of 6

Case Digest for Credit Transactions

Published on 2 weeks ago | Categories: Documents | Downloads: 5 | Comments: 0



CASE DIGEST FOR CREDIT TRANSACTIONS Eastern Shipping v CA and Mercantile Insurance Co.

Facts: 1. Two fiber drums containing riboflavin were shipped form Japan by SS Eastern Comet owned by pet Eastern Shipping under a bill of lading 2. It was insured uner resp’s insurance policy 3. It was discharged under the cutody of Metro Port service but the latter excepted to one drum which was in bad order 4. Allied Brokerage Corp received the shipment from Metroport with one drum opened and without a seal 5. Allied Banking then del ivered it to consignee’s warehouse. 6. The latter excepted to one drum with spillages and the rest of the conents were adulterated 7. Resp Mercantile Insurance claimed indemnity for the losses and damages sustained by the consignee worth 19K, which, it says is due to the fault and negligence of Eastern Shipping 8. ES refused to pay 9. MI was compelled to pay damages to the consignee under the marine policy 10. ES, Metroport and Allied Brokerage all denied liability. ES contends the shipment was in good order when it was turned over to Metroport. 11. The issues presented in the appellate court are as follows: a. W/N loss or damage was sustained b. W/N it was sustained while in the custody of ES c. W/N ES should be held liable 12. CA’s ruling: a. Yes. Shipment was shipped in a good condition as evidenced by the bill of lading and comm’l invoice. But when the same was delivered to Metroport, the latetr excepted to one drum which was damaged. b. According to the Marine Cargo Survey Report, one of the drums was in damaged consition. It shows, therefore that while in the successive custodies of ES, MS, AB, the shipment was in a damaged condition. When withdrew by AB from MS, one of the drums were opened. And when the drums were received by consignee, one of them was opened and the contents adulterated c.

ES, MS shall be joint and severally liable for the 19K damage. ES shall be liable for not more than $500 per case or the CIF value of the loss, while MS must be liable to the extent of the actual invoice value of each package, pursuant to management contract. With interest rate at 12% per annum from date of filing of the complaint. AB is dismissed.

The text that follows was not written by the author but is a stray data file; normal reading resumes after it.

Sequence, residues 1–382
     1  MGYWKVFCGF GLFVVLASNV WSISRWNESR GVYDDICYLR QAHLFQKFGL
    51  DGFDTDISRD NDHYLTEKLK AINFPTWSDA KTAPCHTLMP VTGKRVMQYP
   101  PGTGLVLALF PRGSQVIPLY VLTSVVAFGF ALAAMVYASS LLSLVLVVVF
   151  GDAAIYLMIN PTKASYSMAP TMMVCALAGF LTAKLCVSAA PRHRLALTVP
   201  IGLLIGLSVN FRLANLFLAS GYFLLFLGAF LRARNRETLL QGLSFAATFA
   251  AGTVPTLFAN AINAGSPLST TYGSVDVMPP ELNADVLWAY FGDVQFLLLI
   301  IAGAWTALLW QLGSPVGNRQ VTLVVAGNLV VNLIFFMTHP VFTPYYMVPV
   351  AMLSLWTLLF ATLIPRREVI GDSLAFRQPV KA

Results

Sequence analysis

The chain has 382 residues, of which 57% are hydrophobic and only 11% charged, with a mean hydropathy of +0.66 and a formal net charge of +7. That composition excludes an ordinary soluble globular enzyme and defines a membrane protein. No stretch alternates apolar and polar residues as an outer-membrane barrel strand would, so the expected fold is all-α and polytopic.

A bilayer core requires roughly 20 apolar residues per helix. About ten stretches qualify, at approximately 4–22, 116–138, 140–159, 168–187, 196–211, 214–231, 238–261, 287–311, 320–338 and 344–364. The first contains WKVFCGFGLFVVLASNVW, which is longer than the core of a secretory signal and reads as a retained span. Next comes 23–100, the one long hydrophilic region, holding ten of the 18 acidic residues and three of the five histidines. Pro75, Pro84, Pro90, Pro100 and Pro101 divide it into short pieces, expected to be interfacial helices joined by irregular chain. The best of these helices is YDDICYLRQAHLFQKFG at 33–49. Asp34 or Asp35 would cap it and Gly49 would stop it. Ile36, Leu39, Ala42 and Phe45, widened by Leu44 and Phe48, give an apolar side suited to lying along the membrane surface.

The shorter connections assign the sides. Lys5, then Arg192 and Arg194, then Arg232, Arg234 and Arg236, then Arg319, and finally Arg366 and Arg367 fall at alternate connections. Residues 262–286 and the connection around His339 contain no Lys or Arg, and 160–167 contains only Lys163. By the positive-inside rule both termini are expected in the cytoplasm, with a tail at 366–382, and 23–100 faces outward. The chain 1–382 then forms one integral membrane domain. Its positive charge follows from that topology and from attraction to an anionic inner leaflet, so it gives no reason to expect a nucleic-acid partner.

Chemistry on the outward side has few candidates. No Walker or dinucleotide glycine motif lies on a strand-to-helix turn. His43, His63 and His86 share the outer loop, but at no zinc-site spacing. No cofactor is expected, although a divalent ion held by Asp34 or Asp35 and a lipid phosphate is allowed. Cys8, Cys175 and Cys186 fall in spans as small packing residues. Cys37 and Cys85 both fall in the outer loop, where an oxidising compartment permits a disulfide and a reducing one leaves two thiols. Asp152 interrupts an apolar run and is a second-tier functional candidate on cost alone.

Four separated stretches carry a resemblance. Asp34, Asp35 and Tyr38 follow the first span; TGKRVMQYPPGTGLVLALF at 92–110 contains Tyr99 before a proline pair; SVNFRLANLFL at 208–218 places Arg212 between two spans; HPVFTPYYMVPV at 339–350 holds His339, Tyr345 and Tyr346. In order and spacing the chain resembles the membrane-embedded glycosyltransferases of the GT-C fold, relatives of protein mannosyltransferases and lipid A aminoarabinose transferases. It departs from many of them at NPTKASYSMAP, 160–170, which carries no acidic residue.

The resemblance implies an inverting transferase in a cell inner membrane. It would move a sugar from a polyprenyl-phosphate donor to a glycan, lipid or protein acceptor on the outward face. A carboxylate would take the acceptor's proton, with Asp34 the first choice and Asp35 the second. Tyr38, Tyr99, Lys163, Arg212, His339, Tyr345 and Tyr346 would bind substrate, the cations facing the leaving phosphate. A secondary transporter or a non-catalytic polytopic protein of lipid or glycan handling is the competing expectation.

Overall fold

13. Malayan held that the amount awarded should bear legal interest from the date of the decision of the court a quo, explaining that "if the suit were for damages, 'unliquidated and not known until definitely ascertained, assessed and determined by the courts after proof,' then, interest 'should be from the date of the decision.'"

Issues: 1. Joint and several liability of ES and MS 2. Reckoning of 12% per annum interest from the date of filing of the claim rather than from the date of the decision and only at a rate of 6% per annum, since it is unliquidated Ruling: 1. Liability. Both the carrier and the arrastre operator have the obligation to deliver the shimpment in good condition to the consignee. It is presumed that CC are negligent whenever loss or damage of goods is sustained. Not disputed. Exceptions unavailing 2. Interests. a. Rule is that, absent any stipulation, the legal rate of interest shall be imposed from the date of demand, judi or EJ. But interest can only be recovered from liquidated claims or damages or those that can be definitely ascertained, assessed and determined by courts after proof. In action for damages, for injury to persons, loss of property or other actions not involving any loan, much less forbearances of any money, goods or credits, legal interest is 6% per annum (2209). b. Central Bank Circular No. 416: Rate of interest for the loan, or forbearance of any money, goods, or credits and the rate allowed in judgments, in the absence of express contract as to such rate of interest, shall be twelve (12%) percent per annum from default from jud or EJ demand c.

Another instance was established in Nakpil and Sons vs. Court of Appeals whereby 12% per annum was imposed as a rate allowed in judgment, whereby no interest is actually imposed but a sum was fixed in the judgment. Delay in payment of such amount upon finality of judgment will cause imposition of interest

d. In this case, interest is 6% from the date of decision of lower court. 12% from finality.

Sanchez v Buenviaje